La Pocha Nostra: A Handbook for the Rebel Artist in a Post-Democratic Society marks a transformation from its sister book, Exercises for Rebel Artists, into a pedagogical matrix suited for use as a performance handbook and conceptual tool for artists, activists, theorists, pedagogues, and trans-disciplinary border crossers of all stripes.
Featuring a newly reworked outline of La Pocha Nostra's overall pedagogy, and how it has evolved in the time of Trump, cartel violence, and the politics of social media, this new handbook presents deeper explanations of the interdisciplinary pedagogical practices developed by the group that has been labeled "the most influential Latino/a performance troupe of the past ten years."
Co-written by Guillermo Gómez-Peña in collaboration with La Pocha Nostra’s artistic co-director Saúl García-López and edited by Paloma Martinez-Cruz, this highly anticipated follow-up volume raises crucial questions in the new neo-nationalist era. Drawing on field experience from ten years of touring, the authors blend original methods with updated and revised exercises, providing new material for teachers, universities, radical artists, curators, producers, and students.
This book features:
- Introductions by the authors and editor to Pocha Nostra practice in a post-democratic society.
- Theoretical, historical, poetic, and pedagogical contexts for the methodology.
- Suggestions for how to use the book in the classroom and many other scenarios.
- Detailed, hands-on exercises for using Pocha Nostra-inspired methods in workshops.
- A step-by-step guide to creating large-scale group performances.
- New, unpublished photos of the Pocha Nostra methods in practice.
- Additional texts by Reverend Billy and Savitri D., Dragonfly, Francesca Carol Rolla, VestAndPage, Micha Espinosa, Zulfikar Ali Bhutto, Praba Pilar, L. M. Bogad, Anuradha Vikram, and Annie Sprinkle and Beth Stephens, among many others.
The book is complemented by the new book Gómez-Peña Unplugged: Texts on Live Art, Social Practice and Imaginary Activism (2008–2019).
Table of Contents
Chapter 1 "Pochology" in a Post-Democratic Society; Chapter 2 Soundscapes for Dark Times: A Border Pedagogy for Resistance; Chapter 3 The 2019 Pocha Nostra Manifesto for a "Post-Democratic Era"; Chapter 4 What to Expect from a Pocha Workshop; Chapter 5 Important Notes to Producers and Workshop Facilitators; Chapter 6 Notes to Workshop Participants; Chapter 7 Radical Pedagogy for a Post-Democratic Society; Chapter 8 Performance Exercises, Rituals, and Games to Cross Borders; Chapter 9 With Love from the Trenches: Further Techniques and Reflections from Pocha and our Partners in Crime; Chapter 10 Sound Outs for Radical Inclusion: Poetry and Testimony unleashed by the Pocha Method
Guillermo Gómez-Peña is a performance artist, writer, activist, and educator. He is the author of 12 books including Ethno Techno (2005) and Dangerous Border Crossers (2000). His classic performance pieces include Border Brujo (1988), The Cruci-Fiction Project (1994), and Mexterminator (1997–1999). He is founder and co-director of La Pocha Nostra.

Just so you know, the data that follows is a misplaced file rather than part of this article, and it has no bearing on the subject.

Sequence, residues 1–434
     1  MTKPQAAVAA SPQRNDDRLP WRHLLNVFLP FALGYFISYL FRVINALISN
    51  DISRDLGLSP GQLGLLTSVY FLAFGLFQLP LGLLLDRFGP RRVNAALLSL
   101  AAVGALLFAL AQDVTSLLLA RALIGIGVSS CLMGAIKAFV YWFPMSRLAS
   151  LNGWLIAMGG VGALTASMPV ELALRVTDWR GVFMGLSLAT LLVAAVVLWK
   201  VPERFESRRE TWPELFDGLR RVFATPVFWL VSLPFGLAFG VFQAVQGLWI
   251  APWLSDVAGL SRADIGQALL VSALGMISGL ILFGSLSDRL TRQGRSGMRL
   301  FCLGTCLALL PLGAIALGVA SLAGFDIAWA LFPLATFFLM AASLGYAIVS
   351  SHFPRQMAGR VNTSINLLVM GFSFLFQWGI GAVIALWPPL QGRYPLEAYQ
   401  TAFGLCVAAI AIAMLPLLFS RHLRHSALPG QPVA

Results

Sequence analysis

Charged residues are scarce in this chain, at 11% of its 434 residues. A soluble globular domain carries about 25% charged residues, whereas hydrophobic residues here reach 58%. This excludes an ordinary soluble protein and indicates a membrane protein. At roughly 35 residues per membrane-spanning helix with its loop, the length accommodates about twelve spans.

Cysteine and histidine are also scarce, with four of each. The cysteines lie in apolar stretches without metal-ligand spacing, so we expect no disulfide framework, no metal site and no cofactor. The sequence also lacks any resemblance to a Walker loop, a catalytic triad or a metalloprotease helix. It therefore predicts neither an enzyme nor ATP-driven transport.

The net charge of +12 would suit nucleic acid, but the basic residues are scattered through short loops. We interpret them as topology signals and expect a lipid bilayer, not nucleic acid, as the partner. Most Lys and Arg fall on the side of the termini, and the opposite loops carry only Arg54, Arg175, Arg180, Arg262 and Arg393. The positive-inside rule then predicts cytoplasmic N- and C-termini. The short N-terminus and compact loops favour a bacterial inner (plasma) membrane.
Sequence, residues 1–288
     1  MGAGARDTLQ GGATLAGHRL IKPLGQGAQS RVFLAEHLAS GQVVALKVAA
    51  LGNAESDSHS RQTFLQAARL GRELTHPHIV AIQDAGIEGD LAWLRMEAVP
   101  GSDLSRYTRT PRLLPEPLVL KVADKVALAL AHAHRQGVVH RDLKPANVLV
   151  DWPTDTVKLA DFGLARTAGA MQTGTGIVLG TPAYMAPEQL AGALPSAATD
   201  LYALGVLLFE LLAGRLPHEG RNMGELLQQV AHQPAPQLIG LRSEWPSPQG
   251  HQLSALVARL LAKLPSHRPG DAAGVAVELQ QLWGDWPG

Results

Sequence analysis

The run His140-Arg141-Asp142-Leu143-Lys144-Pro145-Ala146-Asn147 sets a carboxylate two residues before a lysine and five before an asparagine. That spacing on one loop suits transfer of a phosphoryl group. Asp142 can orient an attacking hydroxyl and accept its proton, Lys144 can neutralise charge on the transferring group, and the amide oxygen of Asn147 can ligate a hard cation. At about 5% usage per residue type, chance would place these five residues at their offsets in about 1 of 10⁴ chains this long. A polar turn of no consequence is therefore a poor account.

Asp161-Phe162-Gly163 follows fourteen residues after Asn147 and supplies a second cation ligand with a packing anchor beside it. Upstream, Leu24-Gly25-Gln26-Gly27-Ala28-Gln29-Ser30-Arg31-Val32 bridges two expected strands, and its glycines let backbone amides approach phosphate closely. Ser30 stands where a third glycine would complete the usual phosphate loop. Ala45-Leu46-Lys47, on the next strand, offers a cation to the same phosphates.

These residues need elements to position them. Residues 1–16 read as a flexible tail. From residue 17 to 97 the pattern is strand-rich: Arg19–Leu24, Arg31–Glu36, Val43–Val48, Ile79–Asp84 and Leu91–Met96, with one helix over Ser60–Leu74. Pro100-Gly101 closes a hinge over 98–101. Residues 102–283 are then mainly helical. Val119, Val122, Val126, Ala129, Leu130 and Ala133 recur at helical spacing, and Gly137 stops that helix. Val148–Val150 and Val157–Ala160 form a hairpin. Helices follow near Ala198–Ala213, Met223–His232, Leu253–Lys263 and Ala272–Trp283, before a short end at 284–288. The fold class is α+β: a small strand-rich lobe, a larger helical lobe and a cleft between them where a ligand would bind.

Saúl García-López, PhD, is a performance artist, performance director, pedagogue, scholar, and co-artistic director of La Pocha Nostra. His work focuses on performance pedagogy, indigeneity, gender, decolonial theory, and border theory. His performance practice focuses on social shamanic exorcisms, conceptual cannibalism, and psychomagic actions as a passage for decolonization.
"La Pocha Nostra’s reputation in the performance art world precedes them. They’ve led rebel artist pedagogical workshops internationally under the leadership of Guillermo Gómez-Peña. Their core members have made history with their performances on the entrenched stereotypes surrounding Latino cultures. There is always an overtone of humor and drama in their spectacle. Also, there is always an opportunity for the viewer to get involved, to make a fool of themselves, to reveal their own vulnerability or to refute the performance altogether. Above all, members of La Pocha are image-makers – politicizing the well-known tropes of Latinidad for our Instagram and social media times. The gaze is paramount." - Rashayla Marie Brown, Chicago Performance.
" Observations of the self as a result of the workshop:
a. My body felt stronger, with improved alignment and increased flexibility.
b. Artistically extroverted within two weeks!
c. Further developed my ability to think in images first.
d. Improved my ability to improvise and respond to others. Discovered aspects of the self and the personae that lie beneath . . .
e. More politically conscious.
f. Further developed my ability to analyze and reflect on what we do.
g. The gap between art and theory is closing . . . at last!"
- Workshop participant, Tucson, AZ. 2017
"La Pocha Nostra’s work mobilizes the striking accusation that the work of an artist is the work of the anticolonial anti-authoritarian feminist revolutionary. Everyone - especially every artist - is implicated in the work of empire, racism, sexism, and homophobia. And it is the artist’s work to critically examine and practice an active resistance. For LPN, it is the staging of images - images of desire, pain, spectacle, stereotype, wickedness, and rage. These images are open to be made with the audience. LPN invites us to look, act, engage, struggle. There is no way out. We are trapped in the image, and trapped to make a decision. This is the work of performance art. By extension, this is the work of LPN." - Sampada Aranke, Art History Professor and Performance Studies Theorist
"Engaging in such a revolutionary practice, the work of La Pocha Nostra and the pedagogy is to provide containment, to hold a safe, strong, conscious space of Radical Tenderness and fearless exploration and expression, in which we discover and reclaim the borderlands of our primal imagination." - Leni Hester, Participant of Santa Fe Intensive, 2017